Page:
Sunday, November 22, 2015

CFP: Special Issue of Biosemiotics: Constructive biosemiotics

Call for Papers
Special Issue of Biosemiotics (Springer): Constructive biosemiotics.

The journal Biosemiotics (Springer) is preparing a special issue on “Constructive biosemiotics” guest-edited by Tommi Vehkavaara and Alexei Sharov. By the epithet “constructive“ we are referring to a naturalized approach to agency, normativity, and knowledge that emphasizes the primacy of activity and real construction of the cognitive agents themselves as opposed to the view to agents as mainly passively or mechanically reacting. The aim of the Special Issue is to integrate such constructive approach with biosemiotics so that organisms and perhaps other types of living systems are considered as agents that construct their “knowledge”, i.e. their habits of interpreting signs, their own functional structure, and their environment (that typically includes other agents) they are interacting with. Such constructive perspective is present to some extent in the works of theoretical classics of biosemiotics, especially of Jakob von Uexküll (concepts of functional circle and Umwelt), Gregory Bateson (cybernetics and information), and C.S. Peirce (meaning of sign as constructed by its interpreter). In this special issue we welcome also other constructive starting points – not so often employed in biosemiotics – like Jean Piaget’s constructivism, Richard Lewontin’s emphasis on construction over adaptationism, autopoietic approaches, cybernetics, General systems theory (Ludwig von Bertalanffy), evolutionary epistemology, and interactivism (Mark Bickhard) as far as they are somehow applied to biosemiotic problematics.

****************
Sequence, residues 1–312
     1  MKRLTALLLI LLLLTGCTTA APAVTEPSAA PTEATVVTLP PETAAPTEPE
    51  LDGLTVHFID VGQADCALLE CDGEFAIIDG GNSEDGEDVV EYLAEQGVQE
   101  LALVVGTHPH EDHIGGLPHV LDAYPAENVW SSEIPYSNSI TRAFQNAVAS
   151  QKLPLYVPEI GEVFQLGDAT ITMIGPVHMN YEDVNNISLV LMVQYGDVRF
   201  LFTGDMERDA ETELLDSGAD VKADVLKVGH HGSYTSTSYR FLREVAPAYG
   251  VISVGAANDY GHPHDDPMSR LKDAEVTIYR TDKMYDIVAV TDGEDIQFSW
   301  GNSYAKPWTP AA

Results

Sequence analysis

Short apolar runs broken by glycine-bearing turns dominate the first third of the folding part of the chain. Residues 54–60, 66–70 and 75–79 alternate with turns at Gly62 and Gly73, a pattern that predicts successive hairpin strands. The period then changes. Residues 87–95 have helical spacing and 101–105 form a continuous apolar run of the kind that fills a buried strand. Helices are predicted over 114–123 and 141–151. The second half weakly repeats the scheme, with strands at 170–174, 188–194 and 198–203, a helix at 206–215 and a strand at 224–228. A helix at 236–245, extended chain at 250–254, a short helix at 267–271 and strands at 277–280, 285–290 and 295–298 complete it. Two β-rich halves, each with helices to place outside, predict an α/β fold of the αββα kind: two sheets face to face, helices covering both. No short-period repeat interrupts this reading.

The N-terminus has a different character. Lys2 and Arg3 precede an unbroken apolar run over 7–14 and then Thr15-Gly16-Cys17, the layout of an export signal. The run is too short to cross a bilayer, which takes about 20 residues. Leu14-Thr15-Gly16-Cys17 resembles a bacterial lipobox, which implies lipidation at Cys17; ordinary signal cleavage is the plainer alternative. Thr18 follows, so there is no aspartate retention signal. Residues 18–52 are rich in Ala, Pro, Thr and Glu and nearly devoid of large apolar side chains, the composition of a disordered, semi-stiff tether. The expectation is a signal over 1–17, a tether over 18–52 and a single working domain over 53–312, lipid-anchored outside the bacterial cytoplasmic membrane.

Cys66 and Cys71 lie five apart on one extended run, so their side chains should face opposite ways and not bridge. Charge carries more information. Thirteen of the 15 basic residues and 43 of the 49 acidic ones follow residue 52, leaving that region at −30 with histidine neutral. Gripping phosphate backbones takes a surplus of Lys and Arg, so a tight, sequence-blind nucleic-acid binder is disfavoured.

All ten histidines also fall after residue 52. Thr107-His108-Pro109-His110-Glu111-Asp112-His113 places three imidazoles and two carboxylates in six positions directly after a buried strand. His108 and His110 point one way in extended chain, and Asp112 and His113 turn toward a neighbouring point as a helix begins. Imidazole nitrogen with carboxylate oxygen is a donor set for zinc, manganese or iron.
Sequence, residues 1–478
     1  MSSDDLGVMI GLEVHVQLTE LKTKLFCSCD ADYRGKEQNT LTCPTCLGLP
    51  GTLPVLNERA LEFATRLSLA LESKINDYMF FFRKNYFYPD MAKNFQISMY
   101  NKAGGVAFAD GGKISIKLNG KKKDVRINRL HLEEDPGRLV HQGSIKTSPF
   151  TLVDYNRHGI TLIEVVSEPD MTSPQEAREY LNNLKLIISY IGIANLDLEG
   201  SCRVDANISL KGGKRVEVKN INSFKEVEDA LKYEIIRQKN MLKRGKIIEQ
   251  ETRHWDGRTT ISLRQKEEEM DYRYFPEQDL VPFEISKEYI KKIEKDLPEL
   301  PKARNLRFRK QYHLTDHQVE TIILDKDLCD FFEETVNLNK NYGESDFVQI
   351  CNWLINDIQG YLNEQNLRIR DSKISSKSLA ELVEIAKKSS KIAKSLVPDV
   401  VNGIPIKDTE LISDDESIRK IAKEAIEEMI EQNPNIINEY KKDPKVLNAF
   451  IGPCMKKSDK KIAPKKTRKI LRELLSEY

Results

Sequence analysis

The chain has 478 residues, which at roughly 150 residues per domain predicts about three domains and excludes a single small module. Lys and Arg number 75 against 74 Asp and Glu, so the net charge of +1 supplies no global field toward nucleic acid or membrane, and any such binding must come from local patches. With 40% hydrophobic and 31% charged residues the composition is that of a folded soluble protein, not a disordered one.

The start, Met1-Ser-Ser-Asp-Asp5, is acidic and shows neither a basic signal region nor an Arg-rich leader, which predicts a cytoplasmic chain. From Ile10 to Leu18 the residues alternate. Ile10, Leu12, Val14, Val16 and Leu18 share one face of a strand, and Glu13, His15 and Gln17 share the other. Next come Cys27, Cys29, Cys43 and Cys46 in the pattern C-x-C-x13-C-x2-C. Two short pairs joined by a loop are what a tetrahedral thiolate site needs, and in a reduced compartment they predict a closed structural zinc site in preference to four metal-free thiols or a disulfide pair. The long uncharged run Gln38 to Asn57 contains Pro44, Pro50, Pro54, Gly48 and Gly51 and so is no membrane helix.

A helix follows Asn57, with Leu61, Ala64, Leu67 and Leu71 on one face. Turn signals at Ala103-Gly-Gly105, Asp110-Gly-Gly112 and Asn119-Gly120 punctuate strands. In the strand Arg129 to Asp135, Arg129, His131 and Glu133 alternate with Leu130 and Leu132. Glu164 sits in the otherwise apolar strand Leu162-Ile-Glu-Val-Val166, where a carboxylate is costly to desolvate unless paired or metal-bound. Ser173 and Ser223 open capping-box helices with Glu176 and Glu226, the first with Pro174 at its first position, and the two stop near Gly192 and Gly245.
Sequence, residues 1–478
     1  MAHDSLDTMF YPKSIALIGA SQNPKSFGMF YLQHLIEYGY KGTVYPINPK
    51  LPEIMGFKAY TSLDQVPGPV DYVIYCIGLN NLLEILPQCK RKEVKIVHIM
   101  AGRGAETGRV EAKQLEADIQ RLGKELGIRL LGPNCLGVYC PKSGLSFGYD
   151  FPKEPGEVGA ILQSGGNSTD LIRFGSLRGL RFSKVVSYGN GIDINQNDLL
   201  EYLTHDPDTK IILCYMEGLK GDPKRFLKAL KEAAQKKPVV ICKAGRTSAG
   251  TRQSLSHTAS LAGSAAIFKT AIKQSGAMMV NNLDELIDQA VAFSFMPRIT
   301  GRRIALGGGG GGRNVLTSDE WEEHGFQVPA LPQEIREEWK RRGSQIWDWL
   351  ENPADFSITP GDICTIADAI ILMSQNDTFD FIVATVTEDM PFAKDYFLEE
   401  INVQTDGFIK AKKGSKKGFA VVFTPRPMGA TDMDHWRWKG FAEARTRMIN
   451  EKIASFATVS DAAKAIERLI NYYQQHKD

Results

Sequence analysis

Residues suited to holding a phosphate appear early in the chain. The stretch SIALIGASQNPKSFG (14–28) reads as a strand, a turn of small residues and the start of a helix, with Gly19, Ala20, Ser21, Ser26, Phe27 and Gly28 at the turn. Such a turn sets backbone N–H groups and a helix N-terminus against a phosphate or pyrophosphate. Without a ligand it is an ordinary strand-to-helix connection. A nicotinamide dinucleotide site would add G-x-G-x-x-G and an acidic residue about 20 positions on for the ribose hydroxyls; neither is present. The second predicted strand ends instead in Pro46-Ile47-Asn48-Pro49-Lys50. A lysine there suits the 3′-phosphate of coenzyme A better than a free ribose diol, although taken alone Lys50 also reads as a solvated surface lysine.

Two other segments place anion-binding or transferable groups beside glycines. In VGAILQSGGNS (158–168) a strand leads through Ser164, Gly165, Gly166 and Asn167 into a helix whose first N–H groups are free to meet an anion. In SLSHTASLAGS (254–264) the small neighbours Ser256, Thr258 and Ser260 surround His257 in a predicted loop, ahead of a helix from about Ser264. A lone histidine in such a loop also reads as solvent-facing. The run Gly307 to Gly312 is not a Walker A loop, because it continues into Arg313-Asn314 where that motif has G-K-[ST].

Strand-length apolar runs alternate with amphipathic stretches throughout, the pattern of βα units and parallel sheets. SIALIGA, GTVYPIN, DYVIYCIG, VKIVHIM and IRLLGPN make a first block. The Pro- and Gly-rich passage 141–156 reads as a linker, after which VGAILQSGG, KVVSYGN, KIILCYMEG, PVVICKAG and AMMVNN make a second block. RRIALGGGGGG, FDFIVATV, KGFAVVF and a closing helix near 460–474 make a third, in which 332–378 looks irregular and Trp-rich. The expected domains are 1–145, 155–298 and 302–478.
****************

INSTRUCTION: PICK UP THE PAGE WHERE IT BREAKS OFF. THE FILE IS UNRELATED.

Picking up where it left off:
Independently on the chosen semiotic terminology (e.g., sign, representation, meaning, or information), constructive biosemiotics understands the referents of these terms as being constructed by biosemiotic agents. Either these referents are materially constructed (composed) by the agent, or some already existing and available material items are identified and taken into service by the agent so that only their semiotic roles are constructed. In both cases, material items are merely vehicles of their semiotic functioning that are picked up for use according to the actual needs of the agent. That would mean to take the organism or agent point of view in its interaction with the world. The activity of agents is controlled by their subsystems that are goal-directed or embodying some normative functional criteria, which in some cases enables the agent to judge and detect the success of its semiotic operations. Although the developmental or short-term time scale is more natural in constructive view, we suggest that constructive biosemiotics should expand to the evolutionary dynamics, evolvability and (re)construction of receptor and effector subsystems of agents, and the whole evo-devo problematic. E.g. what is the role of agential constructions in longer term time scales (e.g. Baldwin effect) and whether or in which sense there can be said to be evolutionary agents (lineages, populations, etc.) capable of learning (evolutionary epistemology, vertical biosemiosis).

The special issue of Constructive biosemiotics welcomes papers that emphasize the constructive perspective in biosemiotic processes at functional and evolutionary time scales. The central question is how biosemiotic agents or systems are constructed and are constructing their semiotic behaviors like 
1. cognitive interactions (meaning formation and communication),
2. navigation in the environment (functional or intentional movements),
3. functional reconstruction of the environment (e.g. niche construction, moulding the other agents),
4. self-maintenance, self-modification, and (recursive) self-production of (semiotically) functional structures or scaffoldings (e.g., constructive development of full-scale competence), and
5. self-identification and -determination (e.g. the normative functioning of immune systems).

A further question concerns the criteria of agency. While organisms are usually understood as the prototype of biosemiotic agents, it can also be considered whether (or in which sense) it would be reasonable to consider also some other kind of biological unities – individual cells, organs, or populations, species, lineages, etc. – as agents capable of these behaviors. The special issue welcomes theoretical works, empirical findings, and metatheoretical considerations that employ constructive perspective biosemiotically relevant way.